Remyelination. Is ivermectin the next great thing or something dangerous?

What do Remyelination, Parasites and Collie Dogs have in common?

Answer..A response to Ivermectin. 

This a drug that is used to kill parasites,such as head lice and parasitic worms and has been used by millions of humans and farm animals.

However, before runing off to the pet shop or doctor to get your fix of remyelination agent...please read this.

In a new study it is reported that ivermectin can induce microglia to exhibit anti-inflammatory effects and promote remyelination

Alazne Zabala, Nuria Vazquez‐Villoldo, Björn Rissiek, Jon Gejo, Abraham Martin, Aitor Palomino, Alberto Perez‐Samartín, Krishna R Pulagam, Marco Lukowiak, Estibaliz Capetillo‐Zarate, Jordi Llop, Tim Magnus, Friedrich Koch‐Nolte, Francois Rassendren, Carlos Matute, María Domercq. P2X4 receptor controls microglia activation and favors remyelination in autoimmune encephalitis

DOI 10.15252/emmm.201708743| Published online 04.07.2018

EMBO Molecular Medicine (2018) e8743

Microglia survey the brain microenvironment for signals of injury or infection and are essential for the initiation and resolution of pathogen‐ or tissue damage‐induced inflammation. Understanding the mechanism of microglia responses during pathology is hence vital to promote regenerative responses. 

Here, we analyzed the role of purinergic receptor P2X4 (P2X4R) in microglia/macrophages during autoimmune inflammation. Blockade of P2X4R signaling exacerbated clinical signs in the experimental autoimmune encephalomyelitis (EAE) model and also favored microglia activation to a pro‐inflammatory phenotype and inhibited myelin phagocytosis. Moreover, P2X4R blockade in microglia halted oligodendrocyte differentiation in vitro and remyelination after lysolecithin‐induced demyelination. 

Conversely, potentiation of P2X4R signaling by ivermectin (IVM) favored a switch in microglia to an anti‐inflammatory phenotype, potentiated myelin phagocytosis, promoted the remyelination response, and ameliorated clinical signs of EAE. Our results provide evidence that P2X4Rs modulate microglia/macrophage inflammatory responses and identify IVM as a potential candidate among currently used drugs to promote the repair of myelin damage.

P2X4 receptors have been implicated in susceptibility to MS and it has been suggested that P2X4 receptors control the fate and survival of activated microglia. (Vázquez-Villoldo N, Domercq M, Martín A, Llop J, Gómez-Vallejo V, Matute C. Glia. 2014; 62:171-84). I don't want to discuss this.

However, when I saw your emails asking me what I think of ivermectin, which is suggested to be a P2X4 modulator that makes microglia become anti-inflammatory and a remyelination agent. I thought don't do it, unless we know it is safe to do.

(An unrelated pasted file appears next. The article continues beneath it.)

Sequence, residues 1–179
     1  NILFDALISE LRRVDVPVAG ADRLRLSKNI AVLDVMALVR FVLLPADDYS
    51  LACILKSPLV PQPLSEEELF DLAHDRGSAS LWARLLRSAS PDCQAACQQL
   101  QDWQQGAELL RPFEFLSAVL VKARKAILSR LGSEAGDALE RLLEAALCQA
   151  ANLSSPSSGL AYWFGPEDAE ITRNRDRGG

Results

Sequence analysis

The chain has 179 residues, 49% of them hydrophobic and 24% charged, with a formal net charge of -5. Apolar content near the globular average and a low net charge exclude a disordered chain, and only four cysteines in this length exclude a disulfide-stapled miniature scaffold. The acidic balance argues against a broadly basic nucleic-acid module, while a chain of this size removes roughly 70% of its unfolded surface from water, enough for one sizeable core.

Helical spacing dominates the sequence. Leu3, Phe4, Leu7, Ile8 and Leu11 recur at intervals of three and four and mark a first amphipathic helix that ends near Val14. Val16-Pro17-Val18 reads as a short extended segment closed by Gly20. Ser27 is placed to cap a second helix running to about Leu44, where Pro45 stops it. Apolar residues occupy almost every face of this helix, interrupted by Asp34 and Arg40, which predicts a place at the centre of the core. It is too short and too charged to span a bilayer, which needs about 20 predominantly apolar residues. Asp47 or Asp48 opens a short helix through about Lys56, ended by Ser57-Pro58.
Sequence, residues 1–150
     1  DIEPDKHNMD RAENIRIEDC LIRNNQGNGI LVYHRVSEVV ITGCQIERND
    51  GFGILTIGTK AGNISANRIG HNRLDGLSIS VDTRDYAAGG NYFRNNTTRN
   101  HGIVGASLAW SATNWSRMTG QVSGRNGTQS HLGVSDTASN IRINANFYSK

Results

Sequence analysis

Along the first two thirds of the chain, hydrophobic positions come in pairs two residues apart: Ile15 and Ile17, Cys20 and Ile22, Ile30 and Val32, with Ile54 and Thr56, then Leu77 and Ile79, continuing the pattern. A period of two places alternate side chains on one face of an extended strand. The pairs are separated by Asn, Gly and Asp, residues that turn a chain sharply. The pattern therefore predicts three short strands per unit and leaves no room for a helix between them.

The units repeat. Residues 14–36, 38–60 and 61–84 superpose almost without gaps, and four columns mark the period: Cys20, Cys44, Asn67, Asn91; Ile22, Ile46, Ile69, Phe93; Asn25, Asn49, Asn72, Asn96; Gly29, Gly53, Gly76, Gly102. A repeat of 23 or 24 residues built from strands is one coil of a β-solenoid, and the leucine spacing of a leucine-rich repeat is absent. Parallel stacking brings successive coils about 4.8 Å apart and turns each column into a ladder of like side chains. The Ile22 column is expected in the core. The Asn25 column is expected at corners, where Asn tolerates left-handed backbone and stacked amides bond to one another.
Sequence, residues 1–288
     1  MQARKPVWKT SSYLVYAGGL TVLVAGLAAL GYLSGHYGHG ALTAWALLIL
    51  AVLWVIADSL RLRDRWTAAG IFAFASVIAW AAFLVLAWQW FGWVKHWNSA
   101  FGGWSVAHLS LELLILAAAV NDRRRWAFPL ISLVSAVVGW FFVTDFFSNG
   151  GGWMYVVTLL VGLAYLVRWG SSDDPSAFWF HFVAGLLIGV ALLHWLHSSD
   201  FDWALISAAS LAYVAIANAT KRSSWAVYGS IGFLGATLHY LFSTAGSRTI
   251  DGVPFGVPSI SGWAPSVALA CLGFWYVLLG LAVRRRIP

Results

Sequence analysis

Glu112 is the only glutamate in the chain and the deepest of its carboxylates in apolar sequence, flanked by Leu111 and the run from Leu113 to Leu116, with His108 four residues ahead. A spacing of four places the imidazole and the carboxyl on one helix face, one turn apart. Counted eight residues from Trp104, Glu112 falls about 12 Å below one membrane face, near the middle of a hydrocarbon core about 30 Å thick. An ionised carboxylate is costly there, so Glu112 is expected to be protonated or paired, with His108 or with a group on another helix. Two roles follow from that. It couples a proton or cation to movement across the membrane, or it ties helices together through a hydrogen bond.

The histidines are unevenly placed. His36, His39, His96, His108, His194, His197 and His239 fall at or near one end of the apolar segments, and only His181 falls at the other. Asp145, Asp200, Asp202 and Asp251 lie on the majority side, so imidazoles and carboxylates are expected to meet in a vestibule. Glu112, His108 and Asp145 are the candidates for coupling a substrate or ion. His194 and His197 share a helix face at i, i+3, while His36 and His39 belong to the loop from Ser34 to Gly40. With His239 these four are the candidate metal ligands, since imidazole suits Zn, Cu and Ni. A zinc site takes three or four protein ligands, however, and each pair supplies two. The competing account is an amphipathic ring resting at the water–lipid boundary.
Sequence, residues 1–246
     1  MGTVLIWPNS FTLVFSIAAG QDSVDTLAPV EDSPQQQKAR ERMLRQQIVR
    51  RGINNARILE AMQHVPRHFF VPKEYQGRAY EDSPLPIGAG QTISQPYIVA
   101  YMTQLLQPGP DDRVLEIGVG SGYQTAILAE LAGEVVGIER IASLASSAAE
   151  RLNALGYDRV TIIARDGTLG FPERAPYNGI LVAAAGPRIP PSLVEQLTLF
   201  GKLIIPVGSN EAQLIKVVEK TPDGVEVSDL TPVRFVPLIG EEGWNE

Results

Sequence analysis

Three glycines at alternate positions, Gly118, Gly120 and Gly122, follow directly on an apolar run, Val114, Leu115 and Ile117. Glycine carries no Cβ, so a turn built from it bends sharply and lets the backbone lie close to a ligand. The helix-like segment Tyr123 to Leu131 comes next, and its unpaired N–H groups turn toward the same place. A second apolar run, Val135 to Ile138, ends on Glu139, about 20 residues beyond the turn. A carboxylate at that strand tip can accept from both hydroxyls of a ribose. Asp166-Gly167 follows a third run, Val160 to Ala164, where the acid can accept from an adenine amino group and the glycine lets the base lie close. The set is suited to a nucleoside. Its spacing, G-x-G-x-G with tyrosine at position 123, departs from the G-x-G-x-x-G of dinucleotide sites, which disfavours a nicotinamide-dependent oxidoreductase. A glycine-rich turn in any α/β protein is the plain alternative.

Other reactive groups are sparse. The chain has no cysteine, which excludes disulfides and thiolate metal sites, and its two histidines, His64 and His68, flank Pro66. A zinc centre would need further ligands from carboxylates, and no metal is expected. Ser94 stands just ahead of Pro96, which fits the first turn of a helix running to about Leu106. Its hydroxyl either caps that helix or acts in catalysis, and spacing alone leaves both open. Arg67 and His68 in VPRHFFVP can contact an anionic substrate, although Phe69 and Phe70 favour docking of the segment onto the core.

I have been banging-on about the importance of translatability of studies from animals to humans. Every study on animals should think how the work is relevant to human biology. 

This study does not mention much about ivermectin except to say it is "already used as an anti‐parasitic agent in humans will facilitate challenging this drug in clinical trials in that demyelinating disease". 

However, I am not sure you want to do a trial in MS. This is because ivermectin is neurotoxic and kills nerves if it gets in the brain. 

However, this effect is not a problem in most humans and animals because it is pumped out of the brain by a molecule called P-glycoprotein. So if it is actively pumped out of the brain, how is it going to target microglia in the brain? However saying that we showed that p-glycoprotein is lost in MS lesions so you will get a neurotoxic molecule into areas that you don't want it to go.

It must have got in the brain in these experiements I guess. 

However, it is not going to do this effectively. In this study they used C57BL/6 strain mice which have P-glycoprotein (ABC-B1). Lucky this wasn't done in MF-1 strain mice, as you may well of had a dead mouse. 

These mice share a feature with Collie Dogs in that they both lack P glycoprotein. This means they cannot exclude ivermectin from the brain and so exhibit neurotoxicity, if they have the drug

I was taking to some one at a cannabis conference once and they told me about a pot-grower ,who got neurological problems after spraying pot with avermectin (a homologue of ivermectin) to get rid of mites, which is a pest of pot. So my guess would be that this person was p-glycoprotein deficient and so got neurotoxicity. We'll never know.

Mitoxantrone is used in MS, but it is also neurotoxic (kills/hurts monkies when delivered intrathecally)  and is actively pumped out of the brain by breast cancer resistance protein-ABC-G2), but it is used to target immune cells in the peripheral circulation, so does not have to get into the brain to do its job.

Should Ivermectin be used as a remyelination agent?. 

It needs to be done in a carefully controlled situation if it is to be done at all..Don't start self-experimentation and risk neurotoxicity, just because a rodent researcher, who maybe hasn't thought about translatability, says so.

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